The Shotgun Proteomic Study of the Human ThinPrep Cervical Smear Using iTRAQ Mass-Tagging and 2D LC-FT-Orbitrap-MS: The Detection of the Human Papillomavirus at the Protein Level
journal contributionposted on 03.05.2013, 00:00 by Evaggelia K. Papachristou, Theodoros I. Roumeliotis, Argyro Chrysagi, Chrysanthi Trigoni, Ekatherina Charvalos, Paul A. Townsend, Kitty Pavlakis, Spiros D. Garbis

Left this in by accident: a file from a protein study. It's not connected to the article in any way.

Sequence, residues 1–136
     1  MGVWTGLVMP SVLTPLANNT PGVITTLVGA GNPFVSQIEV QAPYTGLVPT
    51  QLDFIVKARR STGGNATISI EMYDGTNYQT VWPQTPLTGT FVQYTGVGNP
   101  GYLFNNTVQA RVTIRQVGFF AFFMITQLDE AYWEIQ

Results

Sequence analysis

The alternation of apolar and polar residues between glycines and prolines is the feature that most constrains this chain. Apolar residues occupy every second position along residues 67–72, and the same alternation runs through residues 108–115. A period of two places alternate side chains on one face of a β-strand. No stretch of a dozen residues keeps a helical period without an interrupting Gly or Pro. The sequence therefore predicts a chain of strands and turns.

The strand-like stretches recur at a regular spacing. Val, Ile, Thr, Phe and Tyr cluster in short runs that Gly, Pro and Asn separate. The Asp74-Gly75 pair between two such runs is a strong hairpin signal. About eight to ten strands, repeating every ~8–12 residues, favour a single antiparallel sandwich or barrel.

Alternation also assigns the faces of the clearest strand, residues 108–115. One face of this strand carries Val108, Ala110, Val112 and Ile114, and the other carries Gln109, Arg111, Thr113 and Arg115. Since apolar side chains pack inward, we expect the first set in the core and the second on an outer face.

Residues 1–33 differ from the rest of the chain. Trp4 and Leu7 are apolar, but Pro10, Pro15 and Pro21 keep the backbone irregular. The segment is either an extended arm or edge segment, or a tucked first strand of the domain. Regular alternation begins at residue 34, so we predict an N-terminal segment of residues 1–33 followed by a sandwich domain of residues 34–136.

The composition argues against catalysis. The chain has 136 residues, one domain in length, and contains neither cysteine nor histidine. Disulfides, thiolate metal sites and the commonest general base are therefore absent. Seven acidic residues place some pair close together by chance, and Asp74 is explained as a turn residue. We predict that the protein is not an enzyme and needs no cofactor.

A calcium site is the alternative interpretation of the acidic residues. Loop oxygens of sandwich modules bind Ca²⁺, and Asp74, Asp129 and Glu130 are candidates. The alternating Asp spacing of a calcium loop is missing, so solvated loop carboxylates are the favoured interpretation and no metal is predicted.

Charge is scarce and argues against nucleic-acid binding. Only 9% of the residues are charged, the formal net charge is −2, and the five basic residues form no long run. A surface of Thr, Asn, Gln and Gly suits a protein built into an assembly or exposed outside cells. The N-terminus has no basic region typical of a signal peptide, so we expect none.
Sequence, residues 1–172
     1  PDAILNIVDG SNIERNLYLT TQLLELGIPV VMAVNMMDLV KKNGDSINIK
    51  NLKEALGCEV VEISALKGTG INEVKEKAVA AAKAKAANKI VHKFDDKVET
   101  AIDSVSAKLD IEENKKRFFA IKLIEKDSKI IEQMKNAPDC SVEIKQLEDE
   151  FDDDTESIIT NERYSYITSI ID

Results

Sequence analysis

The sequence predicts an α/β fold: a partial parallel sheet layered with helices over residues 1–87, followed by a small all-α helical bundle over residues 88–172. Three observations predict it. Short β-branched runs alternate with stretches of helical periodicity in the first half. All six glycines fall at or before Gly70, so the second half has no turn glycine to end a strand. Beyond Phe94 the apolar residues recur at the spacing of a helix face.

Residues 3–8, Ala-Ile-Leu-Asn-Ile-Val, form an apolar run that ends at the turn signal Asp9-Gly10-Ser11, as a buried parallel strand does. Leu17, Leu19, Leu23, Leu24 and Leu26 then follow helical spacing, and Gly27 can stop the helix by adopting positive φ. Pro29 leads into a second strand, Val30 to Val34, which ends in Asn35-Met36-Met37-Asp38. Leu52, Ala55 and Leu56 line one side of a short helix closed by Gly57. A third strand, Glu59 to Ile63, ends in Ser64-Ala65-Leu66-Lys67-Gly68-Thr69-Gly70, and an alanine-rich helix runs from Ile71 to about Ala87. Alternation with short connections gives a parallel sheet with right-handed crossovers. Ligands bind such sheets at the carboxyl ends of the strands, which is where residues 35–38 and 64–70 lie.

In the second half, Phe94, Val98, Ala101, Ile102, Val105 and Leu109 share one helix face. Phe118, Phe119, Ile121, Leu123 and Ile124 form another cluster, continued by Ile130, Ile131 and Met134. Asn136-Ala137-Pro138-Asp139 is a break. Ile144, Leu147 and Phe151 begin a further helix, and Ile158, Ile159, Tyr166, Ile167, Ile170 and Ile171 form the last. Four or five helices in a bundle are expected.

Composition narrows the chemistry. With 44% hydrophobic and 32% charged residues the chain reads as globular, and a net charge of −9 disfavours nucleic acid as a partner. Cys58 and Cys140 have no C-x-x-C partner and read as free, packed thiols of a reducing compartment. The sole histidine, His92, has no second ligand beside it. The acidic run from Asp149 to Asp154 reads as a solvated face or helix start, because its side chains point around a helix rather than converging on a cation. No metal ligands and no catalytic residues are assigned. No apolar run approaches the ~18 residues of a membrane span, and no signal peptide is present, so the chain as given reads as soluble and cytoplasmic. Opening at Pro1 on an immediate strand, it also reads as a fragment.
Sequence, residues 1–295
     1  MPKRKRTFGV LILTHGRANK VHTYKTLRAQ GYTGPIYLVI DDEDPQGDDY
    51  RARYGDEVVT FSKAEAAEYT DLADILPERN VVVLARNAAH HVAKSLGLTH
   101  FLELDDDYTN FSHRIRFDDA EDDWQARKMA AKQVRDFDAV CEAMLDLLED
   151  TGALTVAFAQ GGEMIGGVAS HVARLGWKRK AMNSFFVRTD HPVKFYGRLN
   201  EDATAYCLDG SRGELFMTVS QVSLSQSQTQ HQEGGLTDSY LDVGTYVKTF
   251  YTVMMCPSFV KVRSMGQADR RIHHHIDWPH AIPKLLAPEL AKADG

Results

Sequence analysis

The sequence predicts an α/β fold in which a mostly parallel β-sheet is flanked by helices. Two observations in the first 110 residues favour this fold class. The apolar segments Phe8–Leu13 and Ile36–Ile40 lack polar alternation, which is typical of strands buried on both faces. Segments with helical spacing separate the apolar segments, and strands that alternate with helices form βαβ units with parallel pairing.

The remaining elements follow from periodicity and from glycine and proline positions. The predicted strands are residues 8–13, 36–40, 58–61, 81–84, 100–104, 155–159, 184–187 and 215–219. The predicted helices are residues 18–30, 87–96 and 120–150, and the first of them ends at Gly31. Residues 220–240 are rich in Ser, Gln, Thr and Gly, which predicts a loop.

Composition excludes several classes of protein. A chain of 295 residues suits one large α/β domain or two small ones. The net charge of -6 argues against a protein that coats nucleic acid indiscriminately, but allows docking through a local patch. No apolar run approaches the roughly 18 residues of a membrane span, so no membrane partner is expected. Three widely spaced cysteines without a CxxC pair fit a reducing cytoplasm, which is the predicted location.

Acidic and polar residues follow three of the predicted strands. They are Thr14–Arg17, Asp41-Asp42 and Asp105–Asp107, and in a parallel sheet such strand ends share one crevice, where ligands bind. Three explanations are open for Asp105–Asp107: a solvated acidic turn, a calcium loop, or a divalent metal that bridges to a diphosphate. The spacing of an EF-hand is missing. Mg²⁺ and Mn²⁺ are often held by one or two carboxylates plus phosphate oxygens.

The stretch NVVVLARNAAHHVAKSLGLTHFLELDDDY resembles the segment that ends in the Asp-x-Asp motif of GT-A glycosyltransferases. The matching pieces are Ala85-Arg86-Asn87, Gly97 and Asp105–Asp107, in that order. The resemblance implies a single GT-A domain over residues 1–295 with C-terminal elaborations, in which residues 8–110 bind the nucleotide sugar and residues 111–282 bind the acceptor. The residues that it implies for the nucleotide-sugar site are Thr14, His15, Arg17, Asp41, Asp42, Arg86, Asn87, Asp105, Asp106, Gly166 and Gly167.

The ThinPrep cervical smear is widely used in clinical practice for the cytological and molecular screening against abnormal cells and Human Papillomavirus (HPV) infection. Current advancements made to LC–MS proteomics include the use of stable isotope labeling for the in-depth analysis of proteins in complex clinical specimens. Such approaches have yet to be realized for ThinPrep clinical specimens. In this study, an LC–MS method based on isobaric (iTRAQ) labeling and high-resolution FT-Orbitrap mass spectrometry was used for the proteomic analysis of 23 human ThinPrep smear specimens. Tandem mass spectrometry analysis was performed with both nitrogen high collision dissociation (HCD MS/MS) and helium collision induced dissociation (CID MS/MS) peptide fragmentation modes. The analysis of three 8-plex sample sets yielded the identification of over 3200 unique proteins at FDR < 1%, of which over 2300 proteins were quantitatively profiled in at least one of the three experiments. The interindividual variability served to define the required sample size needed to identify significant protein expression differences. The degree of in-depth proteome coverage allowed the detection of 6 HPV-derived proteins including the high-risk HPV16 type in the specimens tested. The presence of the HPV strains of origin was also confirmed with PCR-hybridization molecular methods. This proof-of-principle study constitutes the first ever report on the nontargeted analysis of HPV proteins in human ThinPrep clinical specimens with high-resolution mass spectrometry. A further testament to the sensitivity and selectivity of the proposed study method was the confident detection of a significant number of phosphopeptides in these specimens.